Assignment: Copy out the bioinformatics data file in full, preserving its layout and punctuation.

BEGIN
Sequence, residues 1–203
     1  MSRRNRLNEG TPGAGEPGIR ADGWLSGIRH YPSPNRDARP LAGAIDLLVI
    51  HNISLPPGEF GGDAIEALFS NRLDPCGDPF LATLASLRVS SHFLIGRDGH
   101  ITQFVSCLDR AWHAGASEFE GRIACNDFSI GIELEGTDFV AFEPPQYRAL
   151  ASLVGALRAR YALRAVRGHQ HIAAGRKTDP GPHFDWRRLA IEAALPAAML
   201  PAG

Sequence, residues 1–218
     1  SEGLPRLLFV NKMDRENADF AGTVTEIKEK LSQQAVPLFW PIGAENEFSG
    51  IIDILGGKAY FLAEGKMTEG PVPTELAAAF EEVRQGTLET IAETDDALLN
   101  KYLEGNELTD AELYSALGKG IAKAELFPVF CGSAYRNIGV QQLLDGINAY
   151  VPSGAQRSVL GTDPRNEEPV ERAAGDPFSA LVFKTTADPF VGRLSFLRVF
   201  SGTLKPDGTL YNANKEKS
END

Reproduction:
Sequence, residues 1–203
     1  MSRRNRLNEG TPGAGEPGIR ADGWLSGIRH YPSPNRDARP LAGAIDLLVI
    51  HNISLPPGEF GGDAIEALFS NRLDPCGDPF LATLASLRVS SHFLIGRDGH
   101  ITQFVSCLDR AWHAGASEFE GRIACNDFSI GIELEGTDFV AFEPPQYRAL
   151  ASLVGALRAR YALRAVRGHQ HIAAGRKTDP GPHFDWRRLA IEAALPAAML
   201  PAG

Sequence, residues 1–218
     1  SEGLPRLLFV NKMDRENADF AGTVTEIKEK LSQQAVPLFW PIGAENEFSG
    51  IIDILGGKAY FLAEGKMTEG PVPTELAAAF EEVRQGTLET IAETDDALLN
   101  KYLEGNELTD AELYSALGKG IAKAELFPVF CGSAYRNIGV QQLLDGINAY
   151  VPSGAQRSVL GTDPRNEEPV ERAAGDPFSA LVFKTTADPF VGRLSFLRVF
   201  SGTLKPDGTL YNANKEKS